Even before Tuesday's shooting in Atlanta, which left eight people dead—six of whom were women of Asian descent—a study compiled by California State University's Center for the Study of Hate and Extremism showed that racist violence against Asian Americans has increased by nearly 150% in major cities across the US in recent weeks. In light of that injustice, there are many things you can do to support the local AAPI community here in Portland, from donating to local causes to shopping from AAPI-owned businesses to visiting arts and culture institutions. Read on below for links, and keep an eye on our activism & social justice calendar for related events.
Asian Pacific American Network of Oregon
Founded in 1996 with core support from Multnomah County's Immigrant Refugee Community Organization, this org "[unites] Asians and Pacific Islanders to achieve social justice," focusing on community organizing, cultural outreach, and leadership development for local AAPI communities.
Asian Americans Advancing Justice
In addition to pushing for education, litigation, and public policy reform benefiting AAPI communities around the country, this org offers bystander intervention techniques and tips on how to respond to anti-Asian harassment.
Asian Mental Health Collective
With a mission to "normalize and de-stigmatize mental health within the Asian community," this website features an insightful interview series with mental health experts, an "ask a therapist" video with LA's Jedidiah Chun, a community blog, and a podcast called Mental Health Mukbang, as well as hotlines and other ways to get in touch with AAPI health professionals.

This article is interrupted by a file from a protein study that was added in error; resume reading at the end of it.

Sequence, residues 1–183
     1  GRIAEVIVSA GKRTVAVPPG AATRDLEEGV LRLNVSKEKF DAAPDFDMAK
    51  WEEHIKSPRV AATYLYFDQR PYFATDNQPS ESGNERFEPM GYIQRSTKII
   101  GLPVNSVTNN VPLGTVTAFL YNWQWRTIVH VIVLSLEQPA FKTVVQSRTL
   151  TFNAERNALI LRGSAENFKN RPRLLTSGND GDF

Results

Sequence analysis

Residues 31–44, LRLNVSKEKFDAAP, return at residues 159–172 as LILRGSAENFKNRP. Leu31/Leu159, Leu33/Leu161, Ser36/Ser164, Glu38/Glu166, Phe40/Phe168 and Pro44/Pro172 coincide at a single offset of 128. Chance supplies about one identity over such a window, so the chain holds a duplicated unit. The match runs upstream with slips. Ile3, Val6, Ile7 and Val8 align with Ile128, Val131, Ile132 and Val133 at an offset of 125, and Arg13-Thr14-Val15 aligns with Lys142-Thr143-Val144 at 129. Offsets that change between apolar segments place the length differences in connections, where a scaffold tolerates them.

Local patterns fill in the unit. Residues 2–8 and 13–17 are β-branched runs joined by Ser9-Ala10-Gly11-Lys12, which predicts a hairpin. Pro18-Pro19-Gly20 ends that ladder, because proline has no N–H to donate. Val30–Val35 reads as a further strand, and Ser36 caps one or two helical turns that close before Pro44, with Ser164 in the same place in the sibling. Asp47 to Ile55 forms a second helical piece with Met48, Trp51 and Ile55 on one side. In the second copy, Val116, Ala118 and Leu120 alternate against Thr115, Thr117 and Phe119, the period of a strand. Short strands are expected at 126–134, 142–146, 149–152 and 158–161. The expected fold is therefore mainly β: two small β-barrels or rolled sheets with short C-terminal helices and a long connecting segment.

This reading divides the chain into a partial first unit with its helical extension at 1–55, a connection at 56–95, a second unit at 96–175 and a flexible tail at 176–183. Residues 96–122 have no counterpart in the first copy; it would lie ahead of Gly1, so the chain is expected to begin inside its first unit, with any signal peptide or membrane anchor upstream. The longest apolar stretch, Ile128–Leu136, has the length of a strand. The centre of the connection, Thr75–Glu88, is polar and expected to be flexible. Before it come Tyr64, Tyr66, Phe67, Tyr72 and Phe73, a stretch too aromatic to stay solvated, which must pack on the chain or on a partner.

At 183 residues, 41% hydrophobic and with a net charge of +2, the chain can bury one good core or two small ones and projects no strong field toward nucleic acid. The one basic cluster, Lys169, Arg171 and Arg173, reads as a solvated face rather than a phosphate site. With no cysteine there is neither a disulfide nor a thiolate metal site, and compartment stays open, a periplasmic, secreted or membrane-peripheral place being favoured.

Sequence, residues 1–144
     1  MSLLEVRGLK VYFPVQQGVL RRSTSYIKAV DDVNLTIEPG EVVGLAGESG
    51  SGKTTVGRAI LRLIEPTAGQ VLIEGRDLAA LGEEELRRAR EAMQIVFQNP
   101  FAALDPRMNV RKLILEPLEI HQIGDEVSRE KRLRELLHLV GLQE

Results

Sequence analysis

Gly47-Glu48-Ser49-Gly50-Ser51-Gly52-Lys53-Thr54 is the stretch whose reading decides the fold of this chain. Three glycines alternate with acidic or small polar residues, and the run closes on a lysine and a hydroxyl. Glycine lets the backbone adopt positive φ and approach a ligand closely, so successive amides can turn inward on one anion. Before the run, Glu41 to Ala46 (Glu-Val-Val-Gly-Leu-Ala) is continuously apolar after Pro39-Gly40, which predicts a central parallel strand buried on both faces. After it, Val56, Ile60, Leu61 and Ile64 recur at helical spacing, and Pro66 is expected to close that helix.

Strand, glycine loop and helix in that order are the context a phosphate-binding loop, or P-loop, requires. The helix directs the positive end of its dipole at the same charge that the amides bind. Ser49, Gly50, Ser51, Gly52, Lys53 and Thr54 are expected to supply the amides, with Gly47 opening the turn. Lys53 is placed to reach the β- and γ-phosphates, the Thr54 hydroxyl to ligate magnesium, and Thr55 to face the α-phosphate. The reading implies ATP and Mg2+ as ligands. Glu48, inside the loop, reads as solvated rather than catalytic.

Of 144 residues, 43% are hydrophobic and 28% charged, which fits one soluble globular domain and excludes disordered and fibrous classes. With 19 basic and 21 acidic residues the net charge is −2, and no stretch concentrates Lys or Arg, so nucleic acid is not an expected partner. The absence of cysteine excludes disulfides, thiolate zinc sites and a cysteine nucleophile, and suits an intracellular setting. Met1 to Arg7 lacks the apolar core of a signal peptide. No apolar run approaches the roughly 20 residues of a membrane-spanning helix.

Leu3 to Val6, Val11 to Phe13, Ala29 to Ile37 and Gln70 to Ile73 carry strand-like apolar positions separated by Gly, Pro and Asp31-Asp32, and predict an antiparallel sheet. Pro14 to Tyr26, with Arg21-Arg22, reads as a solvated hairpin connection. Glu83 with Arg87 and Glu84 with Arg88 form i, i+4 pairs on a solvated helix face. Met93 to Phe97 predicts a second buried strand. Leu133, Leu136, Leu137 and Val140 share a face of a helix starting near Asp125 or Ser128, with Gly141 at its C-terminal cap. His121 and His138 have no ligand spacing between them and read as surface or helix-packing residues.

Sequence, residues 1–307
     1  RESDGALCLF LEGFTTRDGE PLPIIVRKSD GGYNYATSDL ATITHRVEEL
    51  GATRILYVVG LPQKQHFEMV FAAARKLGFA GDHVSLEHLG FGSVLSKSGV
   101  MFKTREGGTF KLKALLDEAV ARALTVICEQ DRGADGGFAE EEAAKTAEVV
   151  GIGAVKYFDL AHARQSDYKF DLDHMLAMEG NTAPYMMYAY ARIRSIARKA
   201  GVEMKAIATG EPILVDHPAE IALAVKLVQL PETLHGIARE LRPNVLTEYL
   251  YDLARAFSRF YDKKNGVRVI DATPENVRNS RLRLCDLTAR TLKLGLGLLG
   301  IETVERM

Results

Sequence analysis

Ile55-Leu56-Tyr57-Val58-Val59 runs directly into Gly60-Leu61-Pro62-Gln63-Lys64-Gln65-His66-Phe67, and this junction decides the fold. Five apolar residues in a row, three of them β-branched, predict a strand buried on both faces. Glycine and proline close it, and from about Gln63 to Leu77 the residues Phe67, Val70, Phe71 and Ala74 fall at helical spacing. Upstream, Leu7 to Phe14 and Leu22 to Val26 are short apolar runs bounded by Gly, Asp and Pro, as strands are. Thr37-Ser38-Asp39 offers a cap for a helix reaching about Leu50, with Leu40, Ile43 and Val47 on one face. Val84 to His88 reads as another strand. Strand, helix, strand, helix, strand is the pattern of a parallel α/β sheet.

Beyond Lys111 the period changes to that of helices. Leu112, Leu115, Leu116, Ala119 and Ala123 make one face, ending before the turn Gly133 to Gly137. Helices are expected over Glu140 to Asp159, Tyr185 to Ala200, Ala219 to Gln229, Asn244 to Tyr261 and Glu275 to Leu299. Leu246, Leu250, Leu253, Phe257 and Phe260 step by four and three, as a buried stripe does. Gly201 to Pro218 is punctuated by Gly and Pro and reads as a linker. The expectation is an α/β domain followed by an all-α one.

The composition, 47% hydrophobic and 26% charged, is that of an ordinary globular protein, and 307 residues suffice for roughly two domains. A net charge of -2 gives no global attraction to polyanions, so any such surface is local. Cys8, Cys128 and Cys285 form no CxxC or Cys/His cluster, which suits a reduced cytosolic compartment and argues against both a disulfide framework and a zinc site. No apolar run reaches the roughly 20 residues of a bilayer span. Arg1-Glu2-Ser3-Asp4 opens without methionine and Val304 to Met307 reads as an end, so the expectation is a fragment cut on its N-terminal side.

Asian Pacific Fund's COVID Recovery Fund
Based in the Bay Area, this fund links donors to Asian-owned businesses that are struggling to stay afloat due to COVID-19.
Center for Asian Pacific American Women
This network provides education and mentorship to AAPI women through an ethos they call "whole person leadership," which they describe as being "grounded in one’s character, commitment, and collaboration with others and allows us to leverage our individual gifts and talents to bolster personal and professional development."
See also: California State University's Stop AAPI Hate forum, where you can report anti-Asian hate crimes.
SHOP & VISIT
Bit House Collective
This "Michelin-starred dive bar" slings playful drinks from Mesa, such as boozy Capri Sun-esque cocktails served in pouches, fancied-up flaming Dr. Peppers, and a gin-spiked version of buko pandan (a Filipinx "dessert salad" with coconut milk and fruit jelly). Another draw? Beers from Pono Brewing, like a hazy pineapple IPA and a blackberry-raspberry stout, and Filipinx-inspired bar snacks, like crab fat gravy waffle fries and pineapple barbecue-glazed burgers with atchara (pickled papaya).
Mama's Chow Chicken
Mama Chow's is one of those gems that you can tell is going to make it, good press or not. It may not be the most traditional, but there are some well-balanced flavors coming out of Mama Chow's Kitchen—only adding to an ever-growing club of truly good Chinese restaurants in the area. ANDREA DAMEWOOD
Nong's Khao Man Gai
Anyone who cares about food in this town has likely eaten Nong's Khao Man Gai dozens of times: an $8 bundle of joy wrapped in butcher paper with chicken (white or dark meat, or a blend), rice, a few cucumbers, and soup. Extras include the mandatory chicken skins or the less-required chicken-fat poached livers, each $1. Nong has clearly mastered the art of specialization. She set out to make top-notch chicken and rice, and that's been done. ANDREA DAMEWOOD